doi:10.1186/1477-3155-9-23
PMCID: PMC3127991  PMID: 21612621
3.  Copper Selenide Nanosnakes: Bovine Serum Albumin-Assisted Room Temperature Controllable Synthesis and Characterization 
Nanoscale Research Letters  2010;5(6):949-956.
Herein we firstly reported a simple, environment-friendly, controllable synthetic method of CuSe nanosnakes at room temperature using copper salts and sodium selenosulfate as the reactants, and bovine serum albumin (BSA) as foaming agent. As the amounts of selenide ions (Se2−) released from Na2SeSO3 in the solution increased, the cubic and snake-like CuSe nanostructures were formed gradually, the cubic nanostructures were captured by the CuSe nanosnakes, the CuSe nanosnakes grew wider and longer as the reaction time increased. Finally, the cubic CuSe nanostructures were completely replaced by BSA–CuSe nanosnakes. The prepared BSA–CuSe nanosnakes exhibited enhanced biocompatibility than the CuSe nanocrystals, which highly suggest that as-prepared BSA–CuSe nanosnakes have great potentials in applications such as biomedical engineering.
Electronic supplementary material
The online version of this article (doi:10.1007/s11671-010-9587-0) contains supplementary material, which is available to authorized users.
doi:10.1007/s11671-010-9587-0
PMCID: PMC2894339  PMID: 20672034
Copper selenide; Nanosnakes; Bovine serum albumin; Synthesis; Characterization; Mechanism; Biocompatibility
4.  Copper Selenide Nanosnakes: Bovine Serum Albumin-Assisted Room Temperature Controllable Synthesis and Characterization 
Nanoscale Research Letters  2010;5(6):949-956.
Herein we firstly reported a simple, environment-friendly, controllable synthetic method of CuSe nanosnakes at room temperature using copper salts and sodium selenosulfate as the reactants, and bovine serum albumin (BSA) as foaming agent. As the amounts of selenide ions (Se2−) released from Na2SeSO3 in the solution increased, the cubic and snake-like CuSe nanostructures were formed gradually, the cubic nanostructures were captured by the CuSe nanosnakes, the CuSe nanosnakes grew wider and longer as the reaction time increased. Finally, the cubic CuSe nanostructures were completely replaced by BSA–CuSe nanosnakes. The prepared BSA–CuSe nanosnakes exhibited enhanced biocompatibility than the CuSe nanocrystals, which highly suggest that as-prepared BSA–CuSe nanosnakes have great potentials in applications such as biomedical engineering.
doi:10.1007/s11671-010-9587-0
PMCID: PMC2894339  PMID: 20672034
Copper selenide; Nanosnakes; Bovine serum albumin; Synthesis; Characterization; Mechanism; Biocompatibility
5.  Signaling pathways of PDZ2 domain: A molecular dynamics Interaction Correlation Analysis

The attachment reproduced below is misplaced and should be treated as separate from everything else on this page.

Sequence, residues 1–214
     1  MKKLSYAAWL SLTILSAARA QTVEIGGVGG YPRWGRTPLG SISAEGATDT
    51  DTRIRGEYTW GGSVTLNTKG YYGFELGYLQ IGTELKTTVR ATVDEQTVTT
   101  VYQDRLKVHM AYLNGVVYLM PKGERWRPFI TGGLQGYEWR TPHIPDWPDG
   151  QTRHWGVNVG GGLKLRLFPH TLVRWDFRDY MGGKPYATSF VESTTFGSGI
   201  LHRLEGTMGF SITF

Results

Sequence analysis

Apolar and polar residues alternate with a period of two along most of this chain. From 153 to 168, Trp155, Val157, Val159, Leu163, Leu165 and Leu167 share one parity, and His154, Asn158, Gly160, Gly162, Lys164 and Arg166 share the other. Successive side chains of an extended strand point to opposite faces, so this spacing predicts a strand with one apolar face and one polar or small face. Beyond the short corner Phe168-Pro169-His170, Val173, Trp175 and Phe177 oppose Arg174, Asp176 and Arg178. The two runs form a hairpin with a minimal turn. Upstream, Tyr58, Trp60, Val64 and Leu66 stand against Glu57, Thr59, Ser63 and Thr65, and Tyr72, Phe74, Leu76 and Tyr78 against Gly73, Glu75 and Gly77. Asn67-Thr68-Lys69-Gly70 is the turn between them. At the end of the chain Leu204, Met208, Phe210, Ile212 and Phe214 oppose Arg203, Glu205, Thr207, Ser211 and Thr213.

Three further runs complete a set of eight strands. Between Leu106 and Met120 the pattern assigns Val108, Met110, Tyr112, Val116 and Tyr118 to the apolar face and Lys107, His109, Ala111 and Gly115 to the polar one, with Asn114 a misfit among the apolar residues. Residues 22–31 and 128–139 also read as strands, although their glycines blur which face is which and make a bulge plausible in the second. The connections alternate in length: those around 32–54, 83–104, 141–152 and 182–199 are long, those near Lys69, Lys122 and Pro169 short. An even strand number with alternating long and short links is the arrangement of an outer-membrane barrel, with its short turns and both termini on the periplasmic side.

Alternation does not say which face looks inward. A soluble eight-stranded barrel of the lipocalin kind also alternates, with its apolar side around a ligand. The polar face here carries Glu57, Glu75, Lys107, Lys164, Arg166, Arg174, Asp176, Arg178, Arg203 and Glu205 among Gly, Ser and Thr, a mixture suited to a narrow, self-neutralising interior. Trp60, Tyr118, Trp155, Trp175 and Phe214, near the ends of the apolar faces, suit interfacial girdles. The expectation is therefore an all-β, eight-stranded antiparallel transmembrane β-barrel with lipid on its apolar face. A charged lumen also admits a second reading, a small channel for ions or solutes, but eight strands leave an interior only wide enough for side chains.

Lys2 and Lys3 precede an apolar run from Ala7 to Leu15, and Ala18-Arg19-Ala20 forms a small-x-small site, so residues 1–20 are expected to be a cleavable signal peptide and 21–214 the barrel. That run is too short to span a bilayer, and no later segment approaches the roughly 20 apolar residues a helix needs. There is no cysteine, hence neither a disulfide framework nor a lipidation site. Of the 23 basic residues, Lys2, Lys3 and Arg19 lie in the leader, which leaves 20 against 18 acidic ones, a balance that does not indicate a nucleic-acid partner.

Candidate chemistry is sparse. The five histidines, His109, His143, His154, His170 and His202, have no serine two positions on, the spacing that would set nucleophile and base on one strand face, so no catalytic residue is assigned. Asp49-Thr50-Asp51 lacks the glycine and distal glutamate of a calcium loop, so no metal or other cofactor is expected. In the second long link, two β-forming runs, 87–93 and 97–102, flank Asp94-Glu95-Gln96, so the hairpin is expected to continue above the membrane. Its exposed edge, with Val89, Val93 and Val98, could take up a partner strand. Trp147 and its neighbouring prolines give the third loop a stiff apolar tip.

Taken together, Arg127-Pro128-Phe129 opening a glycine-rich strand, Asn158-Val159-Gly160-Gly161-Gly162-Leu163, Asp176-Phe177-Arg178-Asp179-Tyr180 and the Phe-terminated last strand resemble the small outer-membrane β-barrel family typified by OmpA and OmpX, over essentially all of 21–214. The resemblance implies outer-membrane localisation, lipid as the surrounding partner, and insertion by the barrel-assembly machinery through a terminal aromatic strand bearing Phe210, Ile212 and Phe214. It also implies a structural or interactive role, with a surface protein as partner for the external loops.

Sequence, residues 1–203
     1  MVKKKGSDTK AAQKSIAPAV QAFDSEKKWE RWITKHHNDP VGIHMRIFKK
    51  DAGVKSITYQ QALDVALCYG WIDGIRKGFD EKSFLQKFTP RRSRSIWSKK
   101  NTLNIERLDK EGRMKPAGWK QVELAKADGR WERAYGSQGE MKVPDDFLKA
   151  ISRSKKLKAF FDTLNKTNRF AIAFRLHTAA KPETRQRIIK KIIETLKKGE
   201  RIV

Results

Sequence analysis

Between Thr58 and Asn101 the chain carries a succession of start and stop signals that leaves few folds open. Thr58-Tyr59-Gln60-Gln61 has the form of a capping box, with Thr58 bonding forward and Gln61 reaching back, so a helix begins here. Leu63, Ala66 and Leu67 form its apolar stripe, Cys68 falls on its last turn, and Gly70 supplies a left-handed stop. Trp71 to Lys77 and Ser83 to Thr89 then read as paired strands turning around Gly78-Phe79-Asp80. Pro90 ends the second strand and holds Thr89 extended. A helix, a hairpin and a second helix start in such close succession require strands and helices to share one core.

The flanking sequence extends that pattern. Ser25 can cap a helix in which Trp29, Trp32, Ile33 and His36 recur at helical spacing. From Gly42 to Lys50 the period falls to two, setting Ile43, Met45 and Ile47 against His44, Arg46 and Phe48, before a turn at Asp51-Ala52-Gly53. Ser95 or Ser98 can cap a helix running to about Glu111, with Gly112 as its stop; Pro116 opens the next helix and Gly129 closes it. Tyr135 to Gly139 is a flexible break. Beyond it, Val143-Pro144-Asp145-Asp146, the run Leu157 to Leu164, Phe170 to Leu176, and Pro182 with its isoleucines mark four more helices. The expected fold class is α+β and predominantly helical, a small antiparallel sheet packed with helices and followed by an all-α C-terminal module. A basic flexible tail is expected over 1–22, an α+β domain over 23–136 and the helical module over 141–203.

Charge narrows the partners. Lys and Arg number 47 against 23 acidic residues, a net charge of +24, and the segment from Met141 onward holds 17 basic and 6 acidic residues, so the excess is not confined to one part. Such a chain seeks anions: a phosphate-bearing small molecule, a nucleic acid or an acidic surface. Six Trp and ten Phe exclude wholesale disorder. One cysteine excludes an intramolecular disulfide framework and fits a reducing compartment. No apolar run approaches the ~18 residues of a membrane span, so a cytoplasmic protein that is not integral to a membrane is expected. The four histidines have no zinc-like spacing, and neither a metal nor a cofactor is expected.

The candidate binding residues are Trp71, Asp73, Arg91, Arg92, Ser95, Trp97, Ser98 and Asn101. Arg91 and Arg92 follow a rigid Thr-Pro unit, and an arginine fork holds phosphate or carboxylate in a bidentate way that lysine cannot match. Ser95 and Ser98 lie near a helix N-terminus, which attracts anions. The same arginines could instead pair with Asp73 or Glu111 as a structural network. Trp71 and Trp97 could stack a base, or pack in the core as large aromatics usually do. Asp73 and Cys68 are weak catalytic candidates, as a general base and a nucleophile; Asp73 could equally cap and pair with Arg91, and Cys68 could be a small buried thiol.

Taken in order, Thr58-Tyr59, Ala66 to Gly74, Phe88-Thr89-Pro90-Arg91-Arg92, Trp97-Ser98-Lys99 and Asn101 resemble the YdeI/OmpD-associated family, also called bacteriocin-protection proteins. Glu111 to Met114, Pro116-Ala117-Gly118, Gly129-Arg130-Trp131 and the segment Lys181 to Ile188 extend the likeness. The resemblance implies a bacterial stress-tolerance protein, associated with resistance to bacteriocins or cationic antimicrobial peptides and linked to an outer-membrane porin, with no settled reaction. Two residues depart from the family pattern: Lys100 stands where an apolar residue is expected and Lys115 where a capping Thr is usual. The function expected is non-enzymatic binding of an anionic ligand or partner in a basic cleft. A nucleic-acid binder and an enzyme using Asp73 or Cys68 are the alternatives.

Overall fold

Proteins  2009;74(1):145-154.
PDZ domains are found in many signaling proteins. One of their functions is to provide scaffolds for forming membrane-associated protein complexes by binding to the carboxyl termini of its partners. PDZ domains are thought to play a signal transduction role by propagating the information that binding has occurred to remote sites. In the current study, a molecular dynamics simulation based approach, referred to an interaction correlation analysis, is applied to the PDZ2 domain to identity the possible signal transduction pathways. A residue correlation matrix is constructed from the interaction energy correlation between all residue pairs obtained from the molecular dynamics simulations. Two continuous interaction pathways, starting at the ligand binding pocket, are identified by a hierarchical clustering analysis of the residue correlation matrix. One pathway is mainly localized at the N terminal side of helix α1 and the adjacent C terminus of loop β1–β2. The other pathway is perpendicular to the central β sheet toward the side of PDZ2 domain opposite to the ligand binding pocket. The present results extend previous studies based on multiple sequence analysis, NMR and molecular dynamics simulations. Importantly, they reveal the energetic origin of the long-range coupling. The PDZ2 results, as well as the earlier rhodopsin analysis, show that the interaction correlation analysis is a robust approach for determining pathways of intramolecular signal transduction.
doi:10.1002/prot.22139
PMCID: PMC2605193  PMID: 18618698
PDZ2 domain; molecular dynamics simulation; signal transduction; allosteric effects; interaction correlation

Results 1-5 (5)